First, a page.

Cayce’s Hard Knox Grill – gone but not forgotten

Short-lived, but legendary, rock club will hold a musical reunion at Ozzie's on Sunday

A live music club is a hard business to operate, as anyone who’s tried it will tell you.

Photo provided

Pete Koutrakos took a stab at it back in 2009 with the Cayce rock club Hard Knox Grill, which only lasted a little more than a year. Patrons and staff remember it fondly enough, however, to have organized a reunion show this Sunday, January 15 at Ozzies, just down the road from the original Hard Knox Grill.

The evening will be modeled after the club’s famous Sunday night jam sessions and hosted by D.B. Bryant, who served in the same role during the original run. The response has been humbling and heartfelt, according to Koutrakos.

“One of my sound guys from the bar thought of the idea and all of a sudden all these people were interested,” he said. “Ozzie isn’t even open on Sundays, but I’m doing sound there for a lot of shows now and he offered to open up for us just for this.”

The evening will begin with a classic-car show in the parking lot beside Ozzie’s, then move indoors with music starting around 4 p.m. It will rock on until everyone who wants to play has gotten a chance to do so.

“We’ll be going for a while, it’ll be just like those old jam session nights,” Koutrakos said.

Hard Knox Grill may not have lasted a long time but it did gather a loyal following and a great deal of respect in the local music community for what the bar attempted to accomplish, which was to treat musicians and staff like Koutrakos felt they ought to be – and have some fun in the process.

“The crew we had were just great folks, I just wanted to make it a cool place for people to hang out and for the bands to have that experience of playing a good stage,” he recalled. “We always took good care of the musicians, fed them well, and when you treat people right it always ends up being a better show.”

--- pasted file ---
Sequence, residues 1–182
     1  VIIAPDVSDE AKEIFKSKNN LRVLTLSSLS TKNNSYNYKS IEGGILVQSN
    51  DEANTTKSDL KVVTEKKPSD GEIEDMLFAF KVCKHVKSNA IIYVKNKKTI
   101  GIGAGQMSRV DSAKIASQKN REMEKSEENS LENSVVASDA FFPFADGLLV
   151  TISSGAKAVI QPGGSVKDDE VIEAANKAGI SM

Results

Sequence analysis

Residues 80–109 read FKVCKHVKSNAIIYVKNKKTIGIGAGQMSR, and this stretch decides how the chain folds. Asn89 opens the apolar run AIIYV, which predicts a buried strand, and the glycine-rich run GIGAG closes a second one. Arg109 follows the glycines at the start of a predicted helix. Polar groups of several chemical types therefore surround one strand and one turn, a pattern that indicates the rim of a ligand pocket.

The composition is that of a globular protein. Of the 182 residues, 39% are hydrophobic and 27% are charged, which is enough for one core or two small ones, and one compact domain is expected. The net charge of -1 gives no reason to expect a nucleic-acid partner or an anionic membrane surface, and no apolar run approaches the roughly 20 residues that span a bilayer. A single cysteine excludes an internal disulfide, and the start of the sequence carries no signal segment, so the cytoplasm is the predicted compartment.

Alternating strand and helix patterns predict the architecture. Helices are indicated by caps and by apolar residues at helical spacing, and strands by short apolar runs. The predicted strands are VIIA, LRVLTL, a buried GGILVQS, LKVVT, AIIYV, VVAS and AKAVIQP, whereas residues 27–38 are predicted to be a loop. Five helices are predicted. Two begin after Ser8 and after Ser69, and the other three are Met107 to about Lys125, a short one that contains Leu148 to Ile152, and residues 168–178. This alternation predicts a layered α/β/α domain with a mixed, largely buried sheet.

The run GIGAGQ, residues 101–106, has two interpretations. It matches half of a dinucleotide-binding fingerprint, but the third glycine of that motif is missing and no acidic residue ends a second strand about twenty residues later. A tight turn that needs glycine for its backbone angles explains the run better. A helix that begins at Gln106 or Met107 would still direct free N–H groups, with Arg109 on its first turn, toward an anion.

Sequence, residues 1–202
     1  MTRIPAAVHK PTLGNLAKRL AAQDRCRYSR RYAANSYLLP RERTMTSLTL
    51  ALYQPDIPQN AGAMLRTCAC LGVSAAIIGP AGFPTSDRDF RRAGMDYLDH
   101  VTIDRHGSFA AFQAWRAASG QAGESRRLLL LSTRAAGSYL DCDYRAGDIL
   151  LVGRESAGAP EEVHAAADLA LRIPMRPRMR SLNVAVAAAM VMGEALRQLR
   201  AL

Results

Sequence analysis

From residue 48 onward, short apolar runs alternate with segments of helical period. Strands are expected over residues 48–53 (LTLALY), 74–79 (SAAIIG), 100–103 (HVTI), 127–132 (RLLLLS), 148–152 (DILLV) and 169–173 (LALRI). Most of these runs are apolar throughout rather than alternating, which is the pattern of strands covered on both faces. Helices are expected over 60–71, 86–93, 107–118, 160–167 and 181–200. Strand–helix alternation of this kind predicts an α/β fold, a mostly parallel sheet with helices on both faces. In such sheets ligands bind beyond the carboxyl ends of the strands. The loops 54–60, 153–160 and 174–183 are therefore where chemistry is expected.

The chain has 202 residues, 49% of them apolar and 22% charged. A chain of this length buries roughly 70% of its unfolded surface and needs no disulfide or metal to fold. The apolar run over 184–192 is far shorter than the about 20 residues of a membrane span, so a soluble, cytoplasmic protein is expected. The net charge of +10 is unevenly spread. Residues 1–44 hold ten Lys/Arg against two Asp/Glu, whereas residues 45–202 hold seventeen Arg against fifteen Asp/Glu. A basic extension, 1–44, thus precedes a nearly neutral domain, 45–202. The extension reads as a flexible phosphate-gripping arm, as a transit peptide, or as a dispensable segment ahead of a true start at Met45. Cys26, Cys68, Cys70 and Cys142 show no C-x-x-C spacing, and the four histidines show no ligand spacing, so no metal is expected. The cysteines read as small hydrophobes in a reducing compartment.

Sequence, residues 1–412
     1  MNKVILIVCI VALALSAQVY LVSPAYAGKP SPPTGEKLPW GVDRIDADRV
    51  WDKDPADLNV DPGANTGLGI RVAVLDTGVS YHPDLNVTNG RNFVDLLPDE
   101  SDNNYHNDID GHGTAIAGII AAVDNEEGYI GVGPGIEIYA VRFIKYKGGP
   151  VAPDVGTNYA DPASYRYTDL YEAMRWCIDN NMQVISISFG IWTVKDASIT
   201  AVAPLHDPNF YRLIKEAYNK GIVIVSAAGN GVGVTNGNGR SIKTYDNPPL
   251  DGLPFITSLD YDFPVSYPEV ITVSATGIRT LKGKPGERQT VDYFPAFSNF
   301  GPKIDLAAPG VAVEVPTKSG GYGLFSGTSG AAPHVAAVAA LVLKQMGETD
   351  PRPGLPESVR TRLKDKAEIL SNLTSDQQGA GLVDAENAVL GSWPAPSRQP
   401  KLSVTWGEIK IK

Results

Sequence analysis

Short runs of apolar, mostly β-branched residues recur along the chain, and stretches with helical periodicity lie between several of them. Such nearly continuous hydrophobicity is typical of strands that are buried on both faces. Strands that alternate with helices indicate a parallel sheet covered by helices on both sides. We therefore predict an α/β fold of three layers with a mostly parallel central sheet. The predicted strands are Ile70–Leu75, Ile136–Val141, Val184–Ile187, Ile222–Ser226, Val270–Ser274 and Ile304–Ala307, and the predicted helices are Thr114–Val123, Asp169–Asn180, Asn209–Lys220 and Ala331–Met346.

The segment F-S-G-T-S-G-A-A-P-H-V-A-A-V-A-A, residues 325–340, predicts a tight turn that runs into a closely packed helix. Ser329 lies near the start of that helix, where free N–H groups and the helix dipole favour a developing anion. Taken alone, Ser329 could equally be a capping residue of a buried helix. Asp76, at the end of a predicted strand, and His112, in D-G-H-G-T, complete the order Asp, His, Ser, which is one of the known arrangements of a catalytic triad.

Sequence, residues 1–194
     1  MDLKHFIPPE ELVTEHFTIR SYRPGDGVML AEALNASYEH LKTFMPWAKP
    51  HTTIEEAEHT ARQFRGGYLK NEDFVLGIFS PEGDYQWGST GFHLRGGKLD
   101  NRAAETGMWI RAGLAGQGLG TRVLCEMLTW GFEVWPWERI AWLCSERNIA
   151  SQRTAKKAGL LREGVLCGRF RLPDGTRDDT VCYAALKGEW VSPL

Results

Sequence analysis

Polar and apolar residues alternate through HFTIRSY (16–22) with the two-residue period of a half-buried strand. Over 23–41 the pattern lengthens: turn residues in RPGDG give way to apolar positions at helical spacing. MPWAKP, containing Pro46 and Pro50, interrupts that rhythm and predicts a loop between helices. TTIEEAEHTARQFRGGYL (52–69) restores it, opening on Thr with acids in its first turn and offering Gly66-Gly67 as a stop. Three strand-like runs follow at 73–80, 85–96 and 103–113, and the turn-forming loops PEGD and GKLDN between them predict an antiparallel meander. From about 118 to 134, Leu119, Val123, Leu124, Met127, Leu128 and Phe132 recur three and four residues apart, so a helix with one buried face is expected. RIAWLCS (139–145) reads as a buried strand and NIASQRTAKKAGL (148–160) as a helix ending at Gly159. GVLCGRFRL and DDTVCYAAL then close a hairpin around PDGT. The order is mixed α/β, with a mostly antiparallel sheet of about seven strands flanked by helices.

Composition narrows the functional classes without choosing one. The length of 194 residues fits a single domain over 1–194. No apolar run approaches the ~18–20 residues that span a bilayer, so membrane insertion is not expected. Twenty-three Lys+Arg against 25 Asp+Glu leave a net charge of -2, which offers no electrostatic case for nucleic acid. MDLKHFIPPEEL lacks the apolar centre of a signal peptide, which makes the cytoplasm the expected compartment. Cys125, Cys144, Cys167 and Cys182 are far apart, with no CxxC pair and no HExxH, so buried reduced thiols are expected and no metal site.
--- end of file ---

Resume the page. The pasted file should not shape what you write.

A string of local acts played Hard Knox, from Isabelle’s Gift to Facedown, Deleveled, Crash Cadillac, and more. Some did more than just play at the club, remembered Koutrakos.

“When I was getting ready to open up, Wayne and the guys in Crash Cadillac stopped by to check things out,” he said. “They ended up spending the next week with me there helping hang the speakers, running wire, and doing a bunch of other stuff to help us get ready for our opening weekend.”

The Sunday night open jam hosted by D. B. Bryant was a fixture of the club’s schedule, and Bryant said it helped launch a number of local musicians in Columbia’s scene.

“It allowed musicians like me, Little Jimmy, Wayne Crash Cadillac, and others to pass our knowledge and advice on to that next generation,” he said. “Paisley Marie, Wayne’s daughter, played her very first show there.”

“It was always a welcoming environment even for someone as young as I was at the time, twelve years old that first show,” Paisley Marie remembered. “I even met a couple of other young female musicians there who inspired me. It’s common to look up to idols who are famous, but to get to meet people who are the same age as you doing it in the same places as you is way cool.”

The fans and other patrons who frequented the club also have some great memories of being at Hard Knox Grill, including Hope Ehney.

“Hard Knox just had this really cool vibe,” Ehney said. “I made some incredible friendships from the people I met there, and saw great up and coming musicians like Paisley Marie, Ranen Murphy, and White Sable plus the big shows, like D. B. Bryant with Blackberry Smoke, Rebel Son, and Devon Allman & Honeytribe. It was amazing the talent you could go see on any given night there.”

Local stagehand and music fan Robert Porter admitted it wasn’t always perfect, but that didn’t seem to matter.

“It didn’t necessarily feel like a rock club but every show rocked,” Porter said. “Something special happened, when everything was mixed up it all came out right.”

Koutrakos continues to work in the live-music scene around Columbia, running sound for various events and clubs such as Ozzies, and he’s philosophical about the rise and fall of the Hard Knox Grill at this point.

“Maybe it wasn’t the right time or the right place, but in the end it was a good thing,” he said. “I made some of the best friends I have now during that time, and six years later we still work with and support each other.”

Proceeds from Sunday’s event will benefit Harvest Hope Food Bank.

Hard Knox Grill Reunion Party and Open Jam
Ozzie’s Country Island
1420 Charleston Hwy
West Columbia
(803) 530-0530
Sunday, January 15, 4:00 p.m-until
$5 donation

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